© 2024 Connecticut Public

FCC Public Inspection Files:
WPKT · WRLI-FM · WEDW-FM · Public Files Contact
Play Live Radio
Next Up:
0:00 0:00
Available On Air Stations

Dozens Of Nonprofits Denied Tax-Exempt Status As Towns And Cities Look For Revenue


As state budget cuts have left cash-strapped towns and cities looking for ways to recoup revenue, several nonprofit organizations have been denied their tax-exempt status.

Assessors in multiple towns and cities are scrutinizing applications from nonprofits requesting tax exemptions. In Norwich, dozens of organizations -- previously tax-exempt -- have been denied that status for various reasons, including failing to file the proper paperwork.

Gian-Carl Casa, president and CEO of the Connecticut Community Nonprofit Alliance, said it’s a sign that towns and cities are desperate for revenue. And they think it’s a coordinated effort by assessors, in various parts of the state, to just begin assessing taxes on financially hard-pressed nonprofits. Casa said it’s disappointing and counterproductive.

“Eliminating the exemption from taxes just diverts funds from programs that go to people who may have developmental disabilities, people who are struggling with substance abuse, victims of domestic violence, arts and cultural programs,” Casa said. “The people served by nonprofits are the people who are going to end up losing because of this taxation effort.”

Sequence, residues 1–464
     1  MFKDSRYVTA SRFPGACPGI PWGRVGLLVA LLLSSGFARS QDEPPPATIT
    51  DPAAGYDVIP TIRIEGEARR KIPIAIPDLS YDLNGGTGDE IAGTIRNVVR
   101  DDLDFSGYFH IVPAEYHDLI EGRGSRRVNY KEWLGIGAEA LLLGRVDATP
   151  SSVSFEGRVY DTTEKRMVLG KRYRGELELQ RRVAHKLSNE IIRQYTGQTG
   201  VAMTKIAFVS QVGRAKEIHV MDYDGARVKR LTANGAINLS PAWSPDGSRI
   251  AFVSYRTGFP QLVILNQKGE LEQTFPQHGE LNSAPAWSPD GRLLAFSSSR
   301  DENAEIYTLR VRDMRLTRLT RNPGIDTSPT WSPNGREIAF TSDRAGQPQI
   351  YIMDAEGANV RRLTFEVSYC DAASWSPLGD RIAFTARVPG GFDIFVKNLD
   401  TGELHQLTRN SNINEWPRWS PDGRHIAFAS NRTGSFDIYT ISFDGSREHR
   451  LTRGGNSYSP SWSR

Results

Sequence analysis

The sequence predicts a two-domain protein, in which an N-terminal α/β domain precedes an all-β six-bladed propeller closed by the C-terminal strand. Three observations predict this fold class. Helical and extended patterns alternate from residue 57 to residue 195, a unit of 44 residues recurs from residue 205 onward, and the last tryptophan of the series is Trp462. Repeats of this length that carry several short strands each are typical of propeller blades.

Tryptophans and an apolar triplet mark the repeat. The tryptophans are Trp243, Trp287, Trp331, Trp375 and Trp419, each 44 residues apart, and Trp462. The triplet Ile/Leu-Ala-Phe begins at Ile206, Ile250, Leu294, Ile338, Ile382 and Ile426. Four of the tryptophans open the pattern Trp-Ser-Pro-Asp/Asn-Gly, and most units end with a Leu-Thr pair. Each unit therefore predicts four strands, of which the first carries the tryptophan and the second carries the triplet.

But Kevin Maloney, from the Connecticut Conference of Municipalities, said there may be a misconception that just because an organization is considered a nonprofit and tax-exempt from the IRS, that doesn’t mean it’s automatically exempt from local property taxes. He said the local assessor has a responsibility to scrutinize every application requesting tax-exempt status since it takes revenue off the local tax rolls, and it shouldn’t be misconstrued that assessors are trying to punish nonprofits.

“In many of these cases with nonprofits, either part of their working space or other properties they own could be used for profit-making ventures, which then makes it taxable,” Maloney said. “For example, a Catholic church, if it was to purchase an apartment building that would be taxable as just one example.”

Maloney said there’s also an overreliance on property taxes that just exacerbates the problem.

Both organizations, the CCM and the Nonprofit Alliance, are seeking legislation that would clarify certain guidelines and requirements.

Lori Connecticut Public's Morning Edition host.

Stand up for civility

This news story is funded in large part by Connecticut Public’s Members — listeners, viewers, and readers like you who value fact-based journalism and trustworthy information.

We hope their support inspires you to donate so that we can continue telling stories that inform, educate, and inspire you and your neighbors. As a community-supported public media service, Connecticut Public has relied on donor support for more than 50 years.

Your donation today will allow us to continue this work on your behalf. Give today at any amount and join the 50,000 members who are building a better—and more civil—Connecticut to live, work, and play.

Related Content